Wednesday, July 8, 2015

[A shorter extract of the previous post]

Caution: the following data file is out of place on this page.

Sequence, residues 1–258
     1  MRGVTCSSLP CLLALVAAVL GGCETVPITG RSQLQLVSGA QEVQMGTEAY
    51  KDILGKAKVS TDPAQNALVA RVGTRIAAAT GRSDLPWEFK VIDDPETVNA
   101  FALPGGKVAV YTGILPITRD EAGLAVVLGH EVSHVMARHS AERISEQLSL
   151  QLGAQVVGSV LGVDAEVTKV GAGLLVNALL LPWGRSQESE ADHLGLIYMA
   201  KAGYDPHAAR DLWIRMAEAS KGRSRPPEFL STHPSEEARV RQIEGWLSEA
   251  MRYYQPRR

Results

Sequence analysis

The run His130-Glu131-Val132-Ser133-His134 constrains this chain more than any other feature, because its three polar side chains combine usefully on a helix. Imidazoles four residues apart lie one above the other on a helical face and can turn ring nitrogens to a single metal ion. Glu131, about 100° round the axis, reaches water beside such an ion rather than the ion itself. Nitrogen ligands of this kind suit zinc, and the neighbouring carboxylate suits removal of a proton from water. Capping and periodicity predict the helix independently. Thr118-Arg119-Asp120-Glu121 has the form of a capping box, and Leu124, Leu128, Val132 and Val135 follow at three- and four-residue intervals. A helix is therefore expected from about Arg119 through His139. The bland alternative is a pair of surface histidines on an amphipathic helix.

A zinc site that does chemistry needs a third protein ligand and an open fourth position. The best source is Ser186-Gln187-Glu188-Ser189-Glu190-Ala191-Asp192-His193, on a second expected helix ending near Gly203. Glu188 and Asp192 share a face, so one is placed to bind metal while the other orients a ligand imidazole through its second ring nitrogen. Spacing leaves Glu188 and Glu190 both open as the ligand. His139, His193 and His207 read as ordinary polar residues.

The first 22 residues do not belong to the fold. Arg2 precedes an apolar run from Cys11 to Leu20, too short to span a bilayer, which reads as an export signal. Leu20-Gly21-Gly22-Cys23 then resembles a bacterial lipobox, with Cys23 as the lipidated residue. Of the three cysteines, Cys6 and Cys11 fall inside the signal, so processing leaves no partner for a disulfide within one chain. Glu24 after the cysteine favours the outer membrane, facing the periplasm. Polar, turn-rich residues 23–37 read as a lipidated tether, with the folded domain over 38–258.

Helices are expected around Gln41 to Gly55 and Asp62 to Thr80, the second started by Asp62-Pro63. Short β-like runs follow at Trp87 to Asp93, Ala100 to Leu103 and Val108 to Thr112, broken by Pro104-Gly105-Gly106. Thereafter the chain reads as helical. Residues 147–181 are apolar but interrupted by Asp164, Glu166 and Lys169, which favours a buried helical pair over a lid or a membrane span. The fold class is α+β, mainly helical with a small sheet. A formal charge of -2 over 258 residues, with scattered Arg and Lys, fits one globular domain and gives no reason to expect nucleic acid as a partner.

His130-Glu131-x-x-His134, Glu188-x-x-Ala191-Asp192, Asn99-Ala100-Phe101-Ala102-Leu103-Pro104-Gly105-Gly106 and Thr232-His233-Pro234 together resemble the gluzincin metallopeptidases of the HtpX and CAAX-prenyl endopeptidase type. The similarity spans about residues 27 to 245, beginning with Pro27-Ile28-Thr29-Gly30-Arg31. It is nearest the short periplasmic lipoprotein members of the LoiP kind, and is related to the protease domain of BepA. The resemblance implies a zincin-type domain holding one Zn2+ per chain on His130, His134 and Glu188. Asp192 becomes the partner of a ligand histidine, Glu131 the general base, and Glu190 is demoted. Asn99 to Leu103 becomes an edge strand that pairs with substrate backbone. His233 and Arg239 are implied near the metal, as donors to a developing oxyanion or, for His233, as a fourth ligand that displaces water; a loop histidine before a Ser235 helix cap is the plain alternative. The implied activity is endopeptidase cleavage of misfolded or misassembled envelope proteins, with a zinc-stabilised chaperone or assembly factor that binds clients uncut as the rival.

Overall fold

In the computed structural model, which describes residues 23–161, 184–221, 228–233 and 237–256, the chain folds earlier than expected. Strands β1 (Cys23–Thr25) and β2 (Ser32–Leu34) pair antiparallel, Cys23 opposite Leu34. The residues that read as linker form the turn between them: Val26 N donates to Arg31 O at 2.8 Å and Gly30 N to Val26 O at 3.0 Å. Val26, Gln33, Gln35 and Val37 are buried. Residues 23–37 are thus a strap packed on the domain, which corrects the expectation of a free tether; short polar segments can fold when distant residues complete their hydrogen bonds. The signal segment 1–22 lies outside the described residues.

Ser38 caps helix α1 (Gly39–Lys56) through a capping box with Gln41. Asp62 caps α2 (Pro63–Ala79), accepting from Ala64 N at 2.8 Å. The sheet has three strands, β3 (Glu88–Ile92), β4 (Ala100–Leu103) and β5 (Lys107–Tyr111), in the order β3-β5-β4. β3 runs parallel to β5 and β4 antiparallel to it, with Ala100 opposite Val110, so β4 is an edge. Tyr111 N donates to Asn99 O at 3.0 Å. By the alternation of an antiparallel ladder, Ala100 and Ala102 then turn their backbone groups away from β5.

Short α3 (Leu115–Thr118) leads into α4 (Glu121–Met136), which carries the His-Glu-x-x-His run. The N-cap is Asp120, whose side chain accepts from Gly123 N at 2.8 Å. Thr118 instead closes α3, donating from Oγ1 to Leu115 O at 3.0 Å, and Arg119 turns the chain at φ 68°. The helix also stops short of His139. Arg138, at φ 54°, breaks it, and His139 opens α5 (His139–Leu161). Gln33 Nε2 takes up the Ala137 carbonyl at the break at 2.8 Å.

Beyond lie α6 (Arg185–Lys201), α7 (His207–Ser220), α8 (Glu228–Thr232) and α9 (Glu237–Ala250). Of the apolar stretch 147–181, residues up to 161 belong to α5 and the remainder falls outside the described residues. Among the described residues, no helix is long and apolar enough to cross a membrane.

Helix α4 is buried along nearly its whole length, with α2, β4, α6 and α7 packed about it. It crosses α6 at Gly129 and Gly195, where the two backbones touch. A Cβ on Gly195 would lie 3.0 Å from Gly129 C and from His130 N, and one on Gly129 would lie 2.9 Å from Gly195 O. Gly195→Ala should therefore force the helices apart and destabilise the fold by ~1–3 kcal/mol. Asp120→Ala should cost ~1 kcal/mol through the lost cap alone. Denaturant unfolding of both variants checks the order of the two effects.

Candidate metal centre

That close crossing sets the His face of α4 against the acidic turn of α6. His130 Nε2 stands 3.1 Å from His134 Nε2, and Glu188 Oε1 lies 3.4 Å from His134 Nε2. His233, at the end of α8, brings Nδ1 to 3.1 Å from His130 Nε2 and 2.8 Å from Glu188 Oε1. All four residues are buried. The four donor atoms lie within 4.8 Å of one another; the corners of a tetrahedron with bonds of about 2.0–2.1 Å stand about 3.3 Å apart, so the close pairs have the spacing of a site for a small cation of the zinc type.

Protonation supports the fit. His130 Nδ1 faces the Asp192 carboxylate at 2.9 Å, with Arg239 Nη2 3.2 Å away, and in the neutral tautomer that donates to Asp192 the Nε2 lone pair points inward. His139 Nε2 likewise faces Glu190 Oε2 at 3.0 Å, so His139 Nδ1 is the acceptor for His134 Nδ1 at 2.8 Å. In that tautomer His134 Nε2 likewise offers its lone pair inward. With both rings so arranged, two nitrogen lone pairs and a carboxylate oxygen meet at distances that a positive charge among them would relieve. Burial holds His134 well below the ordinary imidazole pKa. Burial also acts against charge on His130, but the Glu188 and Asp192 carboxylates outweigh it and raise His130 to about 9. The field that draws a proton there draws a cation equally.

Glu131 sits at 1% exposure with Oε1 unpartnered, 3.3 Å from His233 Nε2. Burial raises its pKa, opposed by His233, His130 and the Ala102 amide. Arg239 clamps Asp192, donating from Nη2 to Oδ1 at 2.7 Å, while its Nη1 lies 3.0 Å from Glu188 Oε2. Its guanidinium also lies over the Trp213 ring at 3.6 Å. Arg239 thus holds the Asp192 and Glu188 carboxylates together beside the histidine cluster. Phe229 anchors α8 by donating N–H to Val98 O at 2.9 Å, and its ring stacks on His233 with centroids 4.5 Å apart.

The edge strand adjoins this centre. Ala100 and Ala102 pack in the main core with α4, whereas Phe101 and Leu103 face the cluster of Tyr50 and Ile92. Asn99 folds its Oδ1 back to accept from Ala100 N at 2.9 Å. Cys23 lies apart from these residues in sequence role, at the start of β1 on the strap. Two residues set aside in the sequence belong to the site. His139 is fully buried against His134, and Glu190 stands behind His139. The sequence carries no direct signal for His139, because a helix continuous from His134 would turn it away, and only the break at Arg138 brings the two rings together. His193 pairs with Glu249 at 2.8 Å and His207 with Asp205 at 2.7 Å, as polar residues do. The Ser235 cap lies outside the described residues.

This being considered, have we not, my Brothers, a curious sight before us? This is what we call an enlightened age: we are to have large views of things; everything is to be put on a philosophical basis; reason is to rule: the world is to begin again; a new and transporting set of views is about to be exhibited to the great human family. Well and good; have them, preach them, enjoy them, but deign to recollect the while, that there have been views in the world before you: that the world has not been going on up to this day without any principles whatever; that the Old Religion was based on principles, and that it is not enough to flourish about your "new lamps," if you would make us give up our "old" ones. Catholicism, I say, had its First Principles  before you were born: you say they are false; very well, prove them to be so: they are false, indeed, if yours are true; but not false merely because yours are yours. While yours are yours it is self-evident, indeed, to you, that ours are false; but it is not the common way of carrying on business in the world, to value English goods by French measures, or to pay a debt in paper which was contracted in gold. Catholicism has its First Principles, overthrow them, if you can; endure them, if you cannot. It is not enough to call them effete because they are old, or antiquated because they are ancient. It is not enough to look into our churches, and cry, "It is all a form, because divine favour cannot depend on external observances;" or, "It is all a bondage, because there is no such thing as sin;" or, "a blasphemy, because the Supreme Being cannot be present in ceremonies;" or, "a mummery, because prayer cannot move Him;" or, "a tyranny, because vows are unnatural;" or, "hypocrisy, because no rational man can credit it at all." I say here is endless assumption, unmitigated hypothesis, reckless assertion; prove your "because," "because," "because;" prove your First Principles, and if you cannot, learn philosophic moderation. Why may not my First Principles contest the prize with yours? they have been longer in the world; they have lasted longer, they have done harder work, they have seen rougher service. You sit in your easy-chairs, you dogmatize in your lecture-rooms, you wield your pens: it all looks well on paper: you write exceedingly well: there never was an age in which there was better writing; logical, nervous, eloquent, and pure,—go and carry it all out in the world. Take your First Principles, of which you are so proud, into the crowded streets of our cities, into the formidable classes which make up the bulk of our population; try to work society by them. You think you can; I say you cannot—at least you have not as yet; it is yet to be seen if you can. "Let not him that putteth on his armour boast as he who taketh it off." Do not take it for granted that that is certain which is waiting the test of reason and experiment. Be modest until you are victorious. My principles, which I believe to be eternal, have at least lasted eighteen hundred years; let yours live as many months. That man can sin, that he has duties, that the Divine Being hears prayer, that He gives His favours through visible ordinances, that He is really present in the midst of them, these principles have been the life of nations; they have shown they could be carried out; let any single nation carry out yours, and you will have better claim to speak contemptuously of Catholic rites, of Catholic devotions, of Catholic belief.